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PPT – Section 13.3 Fluids at Rest and in Motion PowerPoint presentation | free to download - id: 475619-YzI1O

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Section 13.3 Fluids at Rest and in Motion

- Objectives
- Relate Pascals principle to simple machines and

occurrences. - Apply Archimedes principle to buoyancy.
- Apply Bernoullis principle to airflow.

FLUIDS AT REST

- If you have ever dived deep into a swimming pool

or lake, you know that your body, especially your

ears, is sensitive to changes in pressure. - You may have noticed that the pressure you felt

on your ears did not depend on whether your head

was upright or tilted, but that if you swam

deeper, the pressure increased. - Ideal Fluid fluid with no internal friction

among the particles.

FLUIDS AT REST

- Blaise Pascal a French physician, that noted

that the shape of a container had no affect on

the pressure at any given depth. He was the

first to discover that any change in pressure

applied to a confined fluid at any point is

transmitted undiminished throughout the fluid. - Pascals Principle pressure applied to a fluid

is transmitted undiminished throughout it. Every

time you squeeze a tube of toothpaste you use

Pascals Principle.

FLUIDS AT REST

- Pascals Principle is applied in the operation of

machines that use fluids to multiply forces, as

in hydraulic lifts. - P1 F1 / A1 and P2 F2 / A2
- Since pressure is transmitted without change P2

is the same as P1. - So F1 / A1 F2 / A2 or F2 F1A2 / A1

- Do Practice Problem 23 p. 353
- F1 / A1 F2 / A2 or F2 F1A2 / A1
- 1600 / 1440 F / 72 F 1600(72) / 1440
- 80 N F F 80 N

SWIMMING UNDER PRESSURE

- When you are swimming, you feel the pressure of

the water increase as you dive deeper. - This pressure is actually a result of gravity it

is related to the weight of the water above you. - The deeper you go, the more water there is above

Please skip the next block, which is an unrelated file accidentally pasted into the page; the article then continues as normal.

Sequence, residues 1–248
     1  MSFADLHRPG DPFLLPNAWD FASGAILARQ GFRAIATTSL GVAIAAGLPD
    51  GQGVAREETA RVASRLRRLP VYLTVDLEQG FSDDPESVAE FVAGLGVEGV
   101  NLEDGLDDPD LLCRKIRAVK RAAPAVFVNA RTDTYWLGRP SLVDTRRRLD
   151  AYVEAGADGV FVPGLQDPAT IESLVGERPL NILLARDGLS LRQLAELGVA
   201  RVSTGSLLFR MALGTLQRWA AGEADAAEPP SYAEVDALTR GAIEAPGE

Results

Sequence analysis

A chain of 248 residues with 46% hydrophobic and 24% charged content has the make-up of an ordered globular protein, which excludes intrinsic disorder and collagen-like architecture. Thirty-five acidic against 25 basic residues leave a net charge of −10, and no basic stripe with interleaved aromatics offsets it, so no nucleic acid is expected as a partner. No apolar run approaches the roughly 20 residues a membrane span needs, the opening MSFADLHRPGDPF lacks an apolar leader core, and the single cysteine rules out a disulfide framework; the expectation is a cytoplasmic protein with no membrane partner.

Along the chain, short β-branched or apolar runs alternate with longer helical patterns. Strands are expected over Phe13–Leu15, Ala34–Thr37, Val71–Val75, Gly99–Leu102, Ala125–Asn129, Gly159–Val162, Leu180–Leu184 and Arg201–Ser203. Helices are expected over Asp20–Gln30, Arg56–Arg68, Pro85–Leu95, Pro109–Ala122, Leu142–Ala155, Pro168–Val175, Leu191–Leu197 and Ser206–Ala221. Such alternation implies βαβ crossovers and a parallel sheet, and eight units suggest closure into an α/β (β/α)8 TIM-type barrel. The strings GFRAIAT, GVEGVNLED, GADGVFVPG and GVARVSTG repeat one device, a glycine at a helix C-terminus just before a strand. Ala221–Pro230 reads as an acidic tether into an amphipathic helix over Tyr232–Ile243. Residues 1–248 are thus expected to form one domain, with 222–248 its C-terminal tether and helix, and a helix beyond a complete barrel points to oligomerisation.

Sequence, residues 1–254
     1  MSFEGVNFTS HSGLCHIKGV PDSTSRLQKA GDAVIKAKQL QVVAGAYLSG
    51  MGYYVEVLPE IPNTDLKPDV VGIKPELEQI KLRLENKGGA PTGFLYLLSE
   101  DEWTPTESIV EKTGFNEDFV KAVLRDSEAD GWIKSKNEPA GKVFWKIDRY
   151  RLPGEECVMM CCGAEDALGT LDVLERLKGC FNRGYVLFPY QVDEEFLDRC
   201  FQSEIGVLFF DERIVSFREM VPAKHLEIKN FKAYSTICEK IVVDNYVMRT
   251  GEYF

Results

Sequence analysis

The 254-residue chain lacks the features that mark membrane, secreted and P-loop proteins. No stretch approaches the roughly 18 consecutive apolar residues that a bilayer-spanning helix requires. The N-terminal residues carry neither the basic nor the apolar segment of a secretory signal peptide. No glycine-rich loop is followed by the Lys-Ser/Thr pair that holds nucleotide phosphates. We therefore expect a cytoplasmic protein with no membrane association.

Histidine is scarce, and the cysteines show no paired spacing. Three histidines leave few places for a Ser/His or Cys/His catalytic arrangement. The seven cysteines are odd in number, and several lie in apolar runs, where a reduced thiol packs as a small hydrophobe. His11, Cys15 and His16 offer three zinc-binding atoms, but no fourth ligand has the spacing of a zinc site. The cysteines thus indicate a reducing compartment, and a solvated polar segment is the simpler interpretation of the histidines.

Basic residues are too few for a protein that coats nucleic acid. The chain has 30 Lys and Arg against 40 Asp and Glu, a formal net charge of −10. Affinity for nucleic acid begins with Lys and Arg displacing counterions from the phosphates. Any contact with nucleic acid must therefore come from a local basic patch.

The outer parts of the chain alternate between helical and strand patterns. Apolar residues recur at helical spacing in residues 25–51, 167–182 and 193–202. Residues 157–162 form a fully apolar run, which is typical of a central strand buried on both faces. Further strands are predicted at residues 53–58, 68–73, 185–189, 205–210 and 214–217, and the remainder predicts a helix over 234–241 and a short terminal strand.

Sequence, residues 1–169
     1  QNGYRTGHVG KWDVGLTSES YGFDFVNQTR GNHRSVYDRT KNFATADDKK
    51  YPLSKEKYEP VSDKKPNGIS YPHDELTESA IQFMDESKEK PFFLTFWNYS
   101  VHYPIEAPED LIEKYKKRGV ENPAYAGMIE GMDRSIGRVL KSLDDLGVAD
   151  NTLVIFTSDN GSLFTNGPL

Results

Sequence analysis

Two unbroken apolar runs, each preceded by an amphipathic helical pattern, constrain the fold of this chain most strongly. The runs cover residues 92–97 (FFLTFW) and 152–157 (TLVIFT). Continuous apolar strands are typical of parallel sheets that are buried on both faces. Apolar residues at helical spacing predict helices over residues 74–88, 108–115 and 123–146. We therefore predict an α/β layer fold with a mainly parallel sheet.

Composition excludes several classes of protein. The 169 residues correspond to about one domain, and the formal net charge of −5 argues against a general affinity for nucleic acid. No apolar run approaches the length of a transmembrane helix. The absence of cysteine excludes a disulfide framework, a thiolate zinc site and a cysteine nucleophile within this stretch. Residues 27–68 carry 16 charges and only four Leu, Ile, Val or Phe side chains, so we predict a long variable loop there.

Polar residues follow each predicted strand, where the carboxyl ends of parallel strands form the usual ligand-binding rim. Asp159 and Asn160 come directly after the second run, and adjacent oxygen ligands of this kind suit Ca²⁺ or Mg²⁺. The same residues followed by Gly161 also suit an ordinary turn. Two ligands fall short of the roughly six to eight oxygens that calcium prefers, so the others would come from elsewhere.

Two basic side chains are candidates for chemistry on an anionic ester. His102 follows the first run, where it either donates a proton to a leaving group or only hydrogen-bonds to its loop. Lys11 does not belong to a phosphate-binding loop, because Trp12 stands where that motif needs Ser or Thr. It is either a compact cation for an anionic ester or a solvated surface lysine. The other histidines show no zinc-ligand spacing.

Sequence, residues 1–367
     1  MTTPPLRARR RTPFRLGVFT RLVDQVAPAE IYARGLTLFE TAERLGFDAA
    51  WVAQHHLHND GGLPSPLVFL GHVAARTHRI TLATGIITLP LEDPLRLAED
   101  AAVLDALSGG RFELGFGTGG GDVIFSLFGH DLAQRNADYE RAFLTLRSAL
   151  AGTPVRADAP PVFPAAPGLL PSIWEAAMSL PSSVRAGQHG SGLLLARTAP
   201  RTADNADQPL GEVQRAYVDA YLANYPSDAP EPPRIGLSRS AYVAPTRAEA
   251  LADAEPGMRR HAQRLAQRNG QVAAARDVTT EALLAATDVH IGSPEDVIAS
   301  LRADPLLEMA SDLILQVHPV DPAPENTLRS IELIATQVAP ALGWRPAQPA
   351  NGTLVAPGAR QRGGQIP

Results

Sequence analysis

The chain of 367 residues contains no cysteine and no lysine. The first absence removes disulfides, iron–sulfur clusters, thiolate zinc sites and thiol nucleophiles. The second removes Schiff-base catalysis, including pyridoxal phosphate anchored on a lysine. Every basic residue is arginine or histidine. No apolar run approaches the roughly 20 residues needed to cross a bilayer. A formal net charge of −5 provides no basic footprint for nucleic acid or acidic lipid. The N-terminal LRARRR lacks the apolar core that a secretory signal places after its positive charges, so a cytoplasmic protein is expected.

you, and the greater the pressure. - Pressure Of Water on a Body the pressure that a

column of water exerts on a body is equal to the

density of water times the height of the column

times the acceleration due to gravity. - P ?hg (? is small Greek letter rho)
- That formula works for all fluids.

SWIMMING UNDER PRESSURE

- The pressure of a fluid on a body depends on the

density of the fluid, its depth, and g. - Buoyant Force is equal to the weight of the

fluid displaced by the object, which is equal to

the Density of the fluid in which the object is

immersed multiplied by the objects volume and

the acceleration due to gravity. It is the

upward force on an object immersed in fluid. - Fbuoyant ?Vg Buoyant Force Density

Volume gravity - Archimedes Greek scientist that found the

relationship that the buoyant force has a

magnitude equal to the weight of the fluid

displaced by the immersed object. - Archimedes Principle states that an object

immersed in a fluid is buoyed up by a force (or

has an upward force) equal to the weight of the

fluid displaced by the object. It is important

to note that the buoyant force does not depend on

the weight of the submerged object, only the

weight of the displaced fluid.

SWIMMING UNDER PRESSURE

- If you want to know whether an object sinks or

floats, you have to take into account all of the

forces acting on the object. - The buoyant force pushes up, but the weight of

the object pulls it down. - The difference between the buoyant force and the

objects weight determines whether an object

sinks or floats. - Go over the Sink or Float? Example p. 354-355
- An object will float if its density is less than

the density of the fluid in which it is immersed.

SWIMMING UNDER PRESSURE

- Ships can float because the hull is hollow and

large enough so the average density of the ship

is less than the density of water. You can

notice that a ship filled with cargo will be

submerged more than a ship with no cargo. - Example 3 p. 356
- a. Fbuoyant ?Vg b. Fg mg ?Vg

Fapparent Fg Fb - Fbuoyant 1000(.001)(9.8) Fg

2700(.001)(9.8) Fa 26.46 9.8 - Fbuoyant 9.8 N Fg 26.46 N

Fa 16.66 N - Skip Practice Problems p. 356

FLUIDS IN MOTION BERMOULLIS PRINCIPLE

- Bernoullis Principle states that as the

velocity of a fluid increases, the pressure

exerted by that fluid decreases. Or when a fixed

quantity of fluid flows, the pressure is

decreased when the velocity increases. - There are many common applications of Bernoullis

principle, such as paint sprayers and perfume

bottles. - A gasoline engines carburetor, which is where

air and gas are mixed, is another common

application of Bernoullis principle. - Part of the carburetor is a tube with a

constriction, as shown in figure 13-16b. - Streamlines lines representing the flow of

fluids around objects. - Skip 13.3 Section Review